From here, you can look back towards the Surfers Paradise skyline in the distance and the entire coastline and feel, well, a little smug in the knowledge you’ve slowed down a bit. That’s not to say it’s boring. Sharing a boundary with Tweed Heads in New South Wales, you’re in the Twin Towns zone. For one, the surf here is spectacular, particularly off the northern corner of Coolangatta Beach, the headland around Greenmount, Snapper Rocks into the southern corner of Rainbow Bay and of course, the world-class surf break of Duranbah. D’Bah, as locals call her, is the one place you can be guaranteed of a swell when the rest of the coast is quiet.

 Meanwhile, the corner of Greenmount offers a protected spot for a swim.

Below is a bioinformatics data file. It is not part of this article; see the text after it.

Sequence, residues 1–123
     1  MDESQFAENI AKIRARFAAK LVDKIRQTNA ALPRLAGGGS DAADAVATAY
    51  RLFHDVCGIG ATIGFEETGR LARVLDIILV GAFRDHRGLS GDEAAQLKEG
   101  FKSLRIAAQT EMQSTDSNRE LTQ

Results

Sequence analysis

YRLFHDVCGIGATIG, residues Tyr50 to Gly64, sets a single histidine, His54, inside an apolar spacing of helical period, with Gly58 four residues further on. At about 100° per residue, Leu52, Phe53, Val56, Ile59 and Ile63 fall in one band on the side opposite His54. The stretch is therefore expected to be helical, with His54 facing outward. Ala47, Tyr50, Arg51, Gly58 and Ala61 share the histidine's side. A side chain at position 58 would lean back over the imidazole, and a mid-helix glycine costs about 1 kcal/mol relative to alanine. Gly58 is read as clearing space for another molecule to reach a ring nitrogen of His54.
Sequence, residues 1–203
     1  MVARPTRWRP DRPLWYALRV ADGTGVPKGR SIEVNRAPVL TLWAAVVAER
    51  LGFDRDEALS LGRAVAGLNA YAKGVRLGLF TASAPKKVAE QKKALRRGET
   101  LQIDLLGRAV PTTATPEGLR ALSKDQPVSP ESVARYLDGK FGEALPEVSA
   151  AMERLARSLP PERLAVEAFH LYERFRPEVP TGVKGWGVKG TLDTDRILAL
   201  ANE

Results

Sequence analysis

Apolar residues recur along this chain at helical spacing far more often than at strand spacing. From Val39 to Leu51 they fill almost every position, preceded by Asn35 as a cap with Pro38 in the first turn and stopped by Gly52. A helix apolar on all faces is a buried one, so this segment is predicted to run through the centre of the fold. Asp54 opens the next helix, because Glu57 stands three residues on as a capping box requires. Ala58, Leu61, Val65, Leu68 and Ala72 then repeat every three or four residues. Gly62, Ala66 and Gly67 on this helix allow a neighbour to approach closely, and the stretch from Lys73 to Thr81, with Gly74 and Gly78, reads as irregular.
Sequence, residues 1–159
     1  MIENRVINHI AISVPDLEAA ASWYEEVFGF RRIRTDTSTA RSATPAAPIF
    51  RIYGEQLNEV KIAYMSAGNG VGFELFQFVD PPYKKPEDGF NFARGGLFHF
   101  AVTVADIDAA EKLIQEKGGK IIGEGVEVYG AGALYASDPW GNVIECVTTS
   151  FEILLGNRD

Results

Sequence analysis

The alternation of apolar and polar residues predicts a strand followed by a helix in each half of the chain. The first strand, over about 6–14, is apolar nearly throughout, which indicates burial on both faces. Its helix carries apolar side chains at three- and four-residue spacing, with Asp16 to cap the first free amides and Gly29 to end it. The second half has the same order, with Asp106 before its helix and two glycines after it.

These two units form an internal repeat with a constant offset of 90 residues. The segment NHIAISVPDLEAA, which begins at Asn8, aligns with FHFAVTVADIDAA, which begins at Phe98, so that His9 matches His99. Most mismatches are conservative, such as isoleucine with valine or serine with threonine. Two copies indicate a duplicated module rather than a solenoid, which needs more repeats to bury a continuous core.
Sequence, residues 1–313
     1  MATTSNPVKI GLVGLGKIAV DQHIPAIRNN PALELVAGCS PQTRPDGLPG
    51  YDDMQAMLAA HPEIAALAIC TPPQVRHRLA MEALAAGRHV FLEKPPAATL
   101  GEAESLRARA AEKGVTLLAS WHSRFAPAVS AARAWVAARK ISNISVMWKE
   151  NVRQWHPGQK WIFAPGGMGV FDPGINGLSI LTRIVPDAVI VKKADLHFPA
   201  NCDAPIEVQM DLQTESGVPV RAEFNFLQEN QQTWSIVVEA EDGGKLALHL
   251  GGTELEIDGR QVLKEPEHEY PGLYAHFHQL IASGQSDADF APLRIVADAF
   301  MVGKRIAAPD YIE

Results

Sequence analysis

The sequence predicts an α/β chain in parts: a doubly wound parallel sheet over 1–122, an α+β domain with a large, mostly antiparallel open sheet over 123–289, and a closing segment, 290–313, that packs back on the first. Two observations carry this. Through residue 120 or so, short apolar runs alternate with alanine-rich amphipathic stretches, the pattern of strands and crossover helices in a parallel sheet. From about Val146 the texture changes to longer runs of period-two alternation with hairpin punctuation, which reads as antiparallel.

A lovely walking trail wraps around Greenmount Hill connecting Greenmount Beach to Rainbow Bay from which you can head up the hill to the exotically named Point Danger and plant one foot in Queensland and another in New South Wales at this lookout which is also a great place for whale watching. Named after the schooner Coolangatta which was wrecked here in 1846, this suburb exudes an old-school beachside charm where you can still find a milkshake in a tin cup. It combines this with world-class oceanfront hotels, restaurants and clubs, the most popular of which is Twin Towns Services Club, home to local and international acts



Up bright and early for a scenic drive to Murwillumbah to catch up with a friend.  Identified as being in the top ten of the most desirable places to live in Australia, based on natural beauty, property values, welcoming locals and good infrastructure, the picturesque township of Murwillumbah is located in the centre of the stunning Tweed Valley on the far north coast of New South Wales. Quick “Hi” we were back on the road to Byron Bay Beachside Markets.